Published: November 14, 2006
Clars Auction Gallery ended its 2005-06 season on a golden note with the sale of a gold quartz and gold knobbed ebony walking cane, dated 1871, that set a new record at $49,725 and brought a joyful surprise to the thrilled consignor, who had fallen on hard times and was hoping to pocket a few hundred dollars from the sale.
The cane was a late addition to the firm’s September 9–10 sale, and was the last to cross the block. The two-day event solidly made Clars 2005-06 sale year the largest in the firm’s 50-plus year history with annual gross sales just shy of $8.5 million, a 20 percent increase over its 2004–05 season. The sale brought in more than $1.4 million in two days with just over 2,000 lots.
The event included consignments from important Bay Area estates and fresh-to-the-market art by renowned California, American and European artists. There were 900-plus bidders in the saleroom, 1,600 bidders registered online, plus a wealth of phone and absentee bidders. The Internet was a major factor in this auction with more than $200,000 being sold online.
Fine art offerings numbered over 300, including a collection of works from California artist Maynard Dixon, which came from the San Francisco estate of his second cousin, Edward Dixon Heise. Fine art highlights included “Indian Encampment,” a signed oil on canvas by California artist A.D.M. Cooper (1856–1924) that set a new world record at $19,890. The previous high record at auction for Cooper was set in 2002 at James D. Julia when a similar work entitled “Plains Indian Encampment” sold for $13,800.
A framed and signed oil on canvas by French artist Edouard Leon Cortes, “Quai du Louvre” attracted much presale interest. This work had been consigned by TV personality Tom Snyder from his northern California estate and was estimated at $25/35,000. Performing well, this work sold for $32,760 to an online bidder in Oklahoma.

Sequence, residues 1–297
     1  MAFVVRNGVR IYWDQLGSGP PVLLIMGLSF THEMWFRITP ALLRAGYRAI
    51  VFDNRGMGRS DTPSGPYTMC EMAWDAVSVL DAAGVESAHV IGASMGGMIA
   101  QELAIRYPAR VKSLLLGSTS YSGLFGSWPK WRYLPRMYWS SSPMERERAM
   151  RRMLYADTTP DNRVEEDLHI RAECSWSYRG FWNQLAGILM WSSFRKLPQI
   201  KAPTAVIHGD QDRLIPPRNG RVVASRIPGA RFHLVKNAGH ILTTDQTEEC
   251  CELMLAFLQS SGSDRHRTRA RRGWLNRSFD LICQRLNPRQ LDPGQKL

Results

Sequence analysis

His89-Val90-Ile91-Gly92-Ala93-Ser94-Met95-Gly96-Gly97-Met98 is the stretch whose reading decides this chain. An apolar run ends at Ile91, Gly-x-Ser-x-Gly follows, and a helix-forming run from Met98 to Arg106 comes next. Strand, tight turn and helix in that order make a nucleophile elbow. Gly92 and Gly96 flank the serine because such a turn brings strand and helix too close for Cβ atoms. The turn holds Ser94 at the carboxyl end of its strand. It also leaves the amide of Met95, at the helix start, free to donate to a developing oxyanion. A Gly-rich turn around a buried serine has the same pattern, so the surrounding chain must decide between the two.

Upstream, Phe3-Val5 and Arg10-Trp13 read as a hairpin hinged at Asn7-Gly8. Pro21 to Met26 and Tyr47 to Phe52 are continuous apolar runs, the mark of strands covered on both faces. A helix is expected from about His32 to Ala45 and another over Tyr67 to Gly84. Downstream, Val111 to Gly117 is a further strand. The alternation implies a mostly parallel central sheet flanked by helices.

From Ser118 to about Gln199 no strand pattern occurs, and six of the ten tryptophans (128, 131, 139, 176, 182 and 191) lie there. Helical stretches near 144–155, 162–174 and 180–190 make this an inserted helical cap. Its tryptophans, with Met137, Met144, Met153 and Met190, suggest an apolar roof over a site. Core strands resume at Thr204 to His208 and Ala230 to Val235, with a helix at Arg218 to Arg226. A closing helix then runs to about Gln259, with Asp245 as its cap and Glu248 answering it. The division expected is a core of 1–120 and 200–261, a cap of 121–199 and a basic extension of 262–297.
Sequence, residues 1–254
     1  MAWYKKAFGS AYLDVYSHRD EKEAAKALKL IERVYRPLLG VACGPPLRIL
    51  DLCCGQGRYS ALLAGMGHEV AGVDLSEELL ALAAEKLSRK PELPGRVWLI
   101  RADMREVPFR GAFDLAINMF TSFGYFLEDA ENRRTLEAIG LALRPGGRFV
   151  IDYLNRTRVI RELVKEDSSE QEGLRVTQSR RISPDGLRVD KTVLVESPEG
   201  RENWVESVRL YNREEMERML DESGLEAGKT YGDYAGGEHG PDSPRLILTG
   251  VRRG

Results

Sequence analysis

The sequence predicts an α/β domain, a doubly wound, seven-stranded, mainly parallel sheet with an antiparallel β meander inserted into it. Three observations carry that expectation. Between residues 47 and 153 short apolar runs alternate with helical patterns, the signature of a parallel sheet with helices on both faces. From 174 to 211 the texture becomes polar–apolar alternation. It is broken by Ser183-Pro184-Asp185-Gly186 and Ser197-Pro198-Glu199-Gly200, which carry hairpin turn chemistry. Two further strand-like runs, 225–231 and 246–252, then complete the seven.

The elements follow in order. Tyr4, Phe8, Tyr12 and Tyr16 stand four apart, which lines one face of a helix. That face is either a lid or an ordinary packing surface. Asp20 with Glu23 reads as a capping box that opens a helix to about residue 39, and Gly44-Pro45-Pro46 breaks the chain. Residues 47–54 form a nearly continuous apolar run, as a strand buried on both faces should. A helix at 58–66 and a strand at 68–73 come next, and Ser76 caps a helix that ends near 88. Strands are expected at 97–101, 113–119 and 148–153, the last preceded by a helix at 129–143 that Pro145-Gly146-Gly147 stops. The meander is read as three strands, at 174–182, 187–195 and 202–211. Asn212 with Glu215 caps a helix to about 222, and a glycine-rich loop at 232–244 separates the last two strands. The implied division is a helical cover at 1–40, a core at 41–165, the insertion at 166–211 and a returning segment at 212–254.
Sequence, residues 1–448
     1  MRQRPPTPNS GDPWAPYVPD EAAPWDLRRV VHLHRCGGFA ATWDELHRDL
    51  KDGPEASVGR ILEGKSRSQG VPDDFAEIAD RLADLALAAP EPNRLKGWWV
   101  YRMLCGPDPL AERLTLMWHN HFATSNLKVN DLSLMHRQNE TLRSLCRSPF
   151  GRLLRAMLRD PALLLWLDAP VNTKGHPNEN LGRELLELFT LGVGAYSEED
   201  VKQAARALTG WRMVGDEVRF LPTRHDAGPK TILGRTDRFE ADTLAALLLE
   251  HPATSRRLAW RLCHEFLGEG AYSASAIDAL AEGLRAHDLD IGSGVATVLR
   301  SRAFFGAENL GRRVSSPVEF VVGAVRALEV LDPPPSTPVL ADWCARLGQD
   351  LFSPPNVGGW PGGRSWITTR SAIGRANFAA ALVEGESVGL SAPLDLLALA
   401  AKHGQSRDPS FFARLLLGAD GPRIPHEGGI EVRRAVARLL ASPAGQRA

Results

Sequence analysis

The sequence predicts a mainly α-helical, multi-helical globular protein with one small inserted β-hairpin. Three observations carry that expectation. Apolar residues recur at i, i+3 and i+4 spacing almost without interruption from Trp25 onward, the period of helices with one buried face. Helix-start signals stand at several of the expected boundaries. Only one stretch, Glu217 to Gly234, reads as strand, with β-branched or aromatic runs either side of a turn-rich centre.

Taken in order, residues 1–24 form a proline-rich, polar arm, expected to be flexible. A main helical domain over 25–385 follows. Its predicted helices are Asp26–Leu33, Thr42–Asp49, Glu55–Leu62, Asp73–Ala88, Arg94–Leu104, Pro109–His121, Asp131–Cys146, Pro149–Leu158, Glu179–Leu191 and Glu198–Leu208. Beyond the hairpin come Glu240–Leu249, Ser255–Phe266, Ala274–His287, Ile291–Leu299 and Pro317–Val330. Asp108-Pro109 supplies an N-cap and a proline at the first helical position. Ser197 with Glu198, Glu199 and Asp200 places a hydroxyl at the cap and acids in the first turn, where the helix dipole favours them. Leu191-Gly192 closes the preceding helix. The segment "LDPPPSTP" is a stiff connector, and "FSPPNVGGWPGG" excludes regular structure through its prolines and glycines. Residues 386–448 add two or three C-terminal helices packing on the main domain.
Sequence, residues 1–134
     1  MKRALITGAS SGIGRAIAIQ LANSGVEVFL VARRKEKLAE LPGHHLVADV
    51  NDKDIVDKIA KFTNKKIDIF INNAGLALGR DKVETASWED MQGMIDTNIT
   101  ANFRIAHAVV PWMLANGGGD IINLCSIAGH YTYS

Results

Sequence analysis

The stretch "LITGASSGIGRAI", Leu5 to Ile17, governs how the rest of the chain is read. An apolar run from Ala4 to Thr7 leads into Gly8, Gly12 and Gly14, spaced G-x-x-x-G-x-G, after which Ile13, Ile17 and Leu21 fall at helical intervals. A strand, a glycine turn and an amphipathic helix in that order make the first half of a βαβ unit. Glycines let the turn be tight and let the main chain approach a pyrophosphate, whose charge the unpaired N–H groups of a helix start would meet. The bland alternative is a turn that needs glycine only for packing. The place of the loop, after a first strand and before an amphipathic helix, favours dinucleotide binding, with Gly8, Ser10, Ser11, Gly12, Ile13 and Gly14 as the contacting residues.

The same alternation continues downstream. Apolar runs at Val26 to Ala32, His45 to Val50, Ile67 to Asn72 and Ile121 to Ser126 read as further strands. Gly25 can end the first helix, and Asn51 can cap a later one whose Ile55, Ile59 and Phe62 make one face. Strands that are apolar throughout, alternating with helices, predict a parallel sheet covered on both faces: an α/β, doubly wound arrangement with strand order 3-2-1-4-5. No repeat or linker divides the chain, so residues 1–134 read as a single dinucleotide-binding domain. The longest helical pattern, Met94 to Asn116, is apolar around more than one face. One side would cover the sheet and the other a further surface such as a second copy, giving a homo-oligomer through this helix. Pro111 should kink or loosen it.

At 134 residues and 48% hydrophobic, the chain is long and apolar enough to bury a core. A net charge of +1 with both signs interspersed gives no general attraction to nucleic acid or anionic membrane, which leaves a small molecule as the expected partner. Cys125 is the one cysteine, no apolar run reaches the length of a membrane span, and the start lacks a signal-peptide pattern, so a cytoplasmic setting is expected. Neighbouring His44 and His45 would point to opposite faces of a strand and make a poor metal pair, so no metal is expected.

Immediately following the Cortes offering were two framed KPM oval porcelain portrait plaques both signed “Wagner.” Martin opened the bidding on the first one, “Gitana” at $5,000. It became a battle between floor and phone bidders, which drove the selling price to $22,230. The second one, “Epanouissement,” sold for $21,060.
The collection of the works by Maynard Dixon (California 1875–1946), with direct family provenance, included eight pen and ink and pencil drawings estimated at $1/4,000 each; all performed solidly. A framed pencil drawing, “Adobe House, Winslow Arizona,” 1902, realized $4,972 and a framed pastel and pencil drawing, “Colorado Desert,” 1902, brought $4,387. The most anticipated Dixon work was a 16-by-20 framed oil on canvas, “Desert Peaks & River Bottom,” 1943, estimated at $50/70,000, that attained $76,050.
Just two lots later, an important work by John Marshall Gamble would take center stage in another bidding battle between phone, floor and the Internet. “Looking Down River” was a signed and framed oil on canvas. It sold solidly within estimate, also for $76,050.
The sale was one of the strongest for art in the firm’s history. Kathy Wong, Clars fine specialist, was “extremely pleased at how solid the entire art portion of the sale was.”
Furniture had its share of exciting moments on Sunday as several important pieces of American period furniture, which came to the block from museum deaccession and the estate of Edward Dixon Heise.
President Redge Martin opened bidding at $1,500 for a Federal mahogany library table, circa 1815, done in the manor of Duncan Phyfe and took it all the way to $12,870. A pair of coastal New England mahogany Chippendale side chairs, circa 1760, both with rare original leather seat upholstery, sold for $11,115.
A Chinese zitan-stained hardwood and jade inlaid throne (baozuo), mid–late Qing dynasty, sold for $15,210, to a buyer from Spain.
Clars Auction Gallery is at 5644 Telegraph Avenue. All prices reported include the buyer’s premium. For more information, www.clars.com or 888-339-7600.
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